Venezuela’s Election

Reuters photo



Tom Arms



The people of Venezuela have voted – with their feet and their indifference.


An estimated one million people have left the country for neighbouring Colombia or Brazil. They are fleeing poverty, unemployment and political repression.


Those who remained last week were asked to elect a president. The last time presidential elections were held 80 percent of the population turned out to vote. This time the turnout was 46 percent.


The winner was, of course, Nicolas Maduro. He won 6.2 million votes compared to 2.9 million votes cast for his nearest rival Henri Falcon. Maduro is now in office until 2025.


The result was expected. Most of Maduro’s political opponents have either fled the country or been locked up. The media and the National Electoral Council are now completely controlled by Maduro.


The unfairness of the election was so apparent before the casting of the first vote that the European Union said a month beforehand that it would reject the results unless the government allowed participation of all political parties, the plurality of the electoral council and an increased number of international observers.


US Vice President Mike Pence called the election a “sham” and said the United States would not recognize the results. “Neither free nor fair. The illegitimate result of this fake process is a further blow to the proud democratic tradition of Venezuela,” Pence said in a press release.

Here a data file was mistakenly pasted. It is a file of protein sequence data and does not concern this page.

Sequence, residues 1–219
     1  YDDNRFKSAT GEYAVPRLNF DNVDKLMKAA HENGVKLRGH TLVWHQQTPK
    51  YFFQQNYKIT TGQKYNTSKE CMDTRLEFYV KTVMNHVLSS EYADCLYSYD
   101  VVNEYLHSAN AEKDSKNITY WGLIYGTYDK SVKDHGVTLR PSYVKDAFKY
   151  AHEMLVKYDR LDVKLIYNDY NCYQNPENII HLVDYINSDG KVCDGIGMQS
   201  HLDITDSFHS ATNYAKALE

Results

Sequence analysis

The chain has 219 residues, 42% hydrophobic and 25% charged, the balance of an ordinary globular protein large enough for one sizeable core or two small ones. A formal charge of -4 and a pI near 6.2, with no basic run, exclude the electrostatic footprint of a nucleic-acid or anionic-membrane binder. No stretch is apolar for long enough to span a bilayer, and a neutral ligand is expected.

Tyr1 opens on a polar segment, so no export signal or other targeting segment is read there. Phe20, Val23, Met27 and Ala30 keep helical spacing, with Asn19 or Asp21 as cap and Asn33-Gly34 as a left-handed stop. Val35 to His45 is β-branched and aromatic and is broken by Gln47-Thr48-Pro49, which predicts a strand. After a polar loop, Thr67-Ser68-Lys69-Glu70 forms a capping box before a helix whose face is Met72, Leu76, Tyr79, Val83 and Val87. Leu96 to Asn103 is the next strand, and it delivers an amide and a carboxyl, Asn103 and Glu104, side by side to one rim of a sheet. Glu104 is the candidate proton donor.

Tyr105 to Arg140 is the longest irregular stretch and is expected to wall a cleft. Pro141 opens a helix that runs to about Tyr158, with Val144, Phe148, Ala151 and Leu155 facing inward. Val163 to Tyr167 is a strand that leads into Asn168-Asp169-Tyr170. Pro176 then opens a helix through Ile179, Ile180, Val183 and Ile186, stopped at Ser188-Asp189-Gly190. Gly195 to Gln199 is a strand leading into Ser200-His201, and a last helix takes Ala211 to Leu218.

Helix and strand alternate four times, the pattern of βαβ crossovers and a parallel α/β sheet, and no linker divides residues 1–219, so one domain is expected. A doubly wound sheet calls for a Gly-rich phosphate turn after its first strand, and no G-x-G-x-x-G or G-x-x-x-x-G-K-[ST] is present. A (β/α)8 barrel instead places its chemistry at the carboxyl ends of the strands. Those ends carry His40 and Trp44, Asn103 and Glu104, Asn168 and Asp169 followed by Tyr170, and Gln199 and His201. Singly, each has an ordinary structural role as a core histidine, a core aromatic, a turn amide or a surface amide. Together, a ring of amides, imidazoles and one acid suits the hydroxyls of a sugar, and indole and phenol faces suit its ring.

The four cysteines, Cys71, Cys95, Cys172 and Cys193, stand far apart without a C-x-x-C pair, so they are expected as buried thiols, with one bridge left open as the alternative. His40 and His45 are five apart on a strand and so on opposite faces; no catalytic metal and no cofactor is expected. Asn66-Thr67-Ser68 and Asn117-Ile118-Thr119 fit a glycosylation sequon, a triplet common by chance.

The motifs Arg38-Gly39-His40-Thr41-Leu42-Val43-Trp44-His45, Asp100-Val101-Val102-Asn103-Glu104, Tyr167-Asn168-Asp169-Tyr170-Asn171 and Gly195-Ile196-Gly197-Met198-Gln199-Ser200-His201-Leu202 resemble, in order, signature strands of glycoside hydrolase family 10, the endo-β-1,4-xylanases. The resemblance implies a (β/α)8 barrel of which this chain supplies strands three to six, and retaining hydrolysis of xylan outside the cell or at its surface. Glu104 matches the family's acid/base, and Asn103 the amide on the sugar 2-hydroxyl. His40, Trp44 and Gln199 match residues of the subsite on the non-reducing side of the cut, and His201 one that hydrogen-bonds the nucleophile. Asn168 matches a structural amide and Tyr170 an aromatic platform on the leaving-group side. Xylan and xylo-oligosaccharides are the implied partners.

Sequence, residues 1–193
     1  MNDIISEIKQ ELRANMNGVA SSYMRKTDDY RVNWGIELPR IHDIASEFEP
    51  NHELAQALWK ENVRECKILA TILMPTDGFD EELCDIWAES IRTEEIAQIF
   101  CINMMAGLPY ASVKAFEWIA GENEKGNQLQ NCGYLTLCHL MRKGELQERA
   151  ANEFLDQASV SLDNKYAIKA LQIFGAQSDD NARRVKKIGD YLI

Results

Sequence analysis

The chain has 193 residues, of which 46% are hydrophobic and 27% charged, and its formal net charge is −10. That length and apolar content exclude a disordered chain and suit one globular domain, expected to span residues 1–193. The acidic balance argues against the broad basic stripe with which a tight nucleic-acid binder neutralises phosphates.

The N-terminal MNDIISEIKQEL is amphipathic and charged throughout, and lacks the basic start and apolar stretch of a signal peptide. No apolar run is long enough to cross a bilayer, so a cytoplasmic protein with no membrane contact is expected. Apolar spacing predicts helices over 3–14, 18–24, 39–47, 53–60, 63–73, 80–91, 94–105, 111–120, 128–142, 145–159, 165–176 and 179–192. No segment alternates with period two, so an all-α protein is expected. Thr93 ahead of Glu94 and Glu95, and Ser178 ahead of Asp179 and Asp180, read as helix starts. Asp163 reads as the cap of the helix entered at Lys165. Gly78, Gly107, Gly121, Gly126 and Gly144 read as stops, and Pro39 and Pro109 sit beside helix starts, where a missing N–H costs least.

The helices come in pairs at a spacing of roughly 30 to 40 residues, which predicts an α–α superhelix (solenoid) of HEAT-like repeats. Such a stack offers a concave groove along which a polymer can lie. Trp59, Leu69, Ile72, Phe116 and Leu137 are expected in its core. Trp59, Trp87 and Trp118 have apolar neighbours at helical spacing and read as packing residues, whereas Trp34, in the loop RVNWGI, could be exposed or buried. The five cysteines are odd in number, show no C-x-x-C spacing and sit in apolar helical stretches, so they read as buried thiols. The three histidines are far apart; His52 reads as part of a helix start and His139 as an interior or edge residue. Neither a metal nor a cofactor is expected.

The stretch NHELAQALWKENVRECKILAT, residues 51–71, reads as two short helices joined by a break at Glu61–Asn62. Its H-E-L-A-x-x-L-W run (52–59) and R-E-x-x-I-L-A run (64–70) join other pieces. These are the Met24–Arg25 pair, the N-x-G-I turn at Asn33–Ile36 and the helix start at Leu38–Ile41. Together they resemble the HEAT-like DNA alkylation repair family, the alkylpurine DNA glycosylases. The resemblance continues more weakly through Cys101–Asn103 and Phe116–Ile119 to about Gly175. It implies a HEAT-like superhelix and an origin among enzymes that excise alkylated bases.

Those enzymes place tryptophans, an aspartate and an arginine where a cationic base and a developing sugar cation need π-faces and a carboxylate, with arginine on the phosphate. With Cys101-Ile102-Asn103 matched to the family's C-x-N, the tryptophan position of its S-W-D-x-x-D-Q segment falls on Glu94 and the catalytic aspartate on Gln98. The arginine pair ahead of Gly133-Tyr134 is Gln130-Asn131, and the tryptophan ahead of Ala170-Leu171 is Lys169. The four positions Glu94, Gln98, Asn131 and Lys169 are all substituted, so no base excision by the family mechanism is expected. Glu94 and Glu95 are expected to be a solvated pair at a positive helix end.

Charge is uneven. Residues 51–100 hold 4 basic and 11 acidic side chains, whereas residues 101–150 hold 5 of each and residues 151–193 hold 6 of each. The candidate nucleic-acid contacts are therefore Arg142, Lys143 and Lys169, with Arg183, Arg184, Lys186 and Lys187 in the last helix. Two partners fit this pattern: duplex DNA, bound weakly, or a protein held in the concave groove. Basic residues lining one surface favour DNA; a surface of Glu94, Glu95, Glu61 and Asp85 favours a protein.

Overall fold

The 14 Latin American countries that make up the Lima Group have recalled their ambassadors and announced that they will limit diplomatic relations with the Maduro government. In a statement, the Lima Group said that it “does not recognize the legitimacy of the electoral process in the Bolivarian Republic of Venezuela for not meeting international standards for a free, fair and transparent democratic process.”


Venezuela is now likely to face more international sanctions. As of February this year, inflation in Venezuela had topped 4,000 percent. The average Venezuelan lost 12 kilos in weight in the past year. The economy is shrinking at the rate of 13.2 percent a year. Perhaps Maduro may not last until 2025.





Tom Arms

I am a journalist, entrepreneur and historian with extensive experience in print, web and broadcast journalism. I started as a diplomatic correspondent, wrote several books (The Falklands Crisis, World Elections On File and the Encyclopedia of the Cold War), and then in 1987 started my own business (Future Events News Service, which over 25 years established itself as the world and UK media’s diary. Our strapline was: “We set the world’s news agenda.” I sold FENS in December 2012 but retained the exclusive broadcast rights to all of FENS data. To exploit these rights I set up LookAhead TV which produces unique programmes which “Broadcasts Tomorrow Today” so that viewers can “Plan to Participate.” LookAhead has appeared regularly on Vox Africa, Radio Tatras International, The Conversation and Voice of Africa Radio.

In addition to being a syndicated broadcaster and columnist on global affairs, Tom is also available for speaking engagements and can be contacted on TwitterLinkedin and email[email protected].

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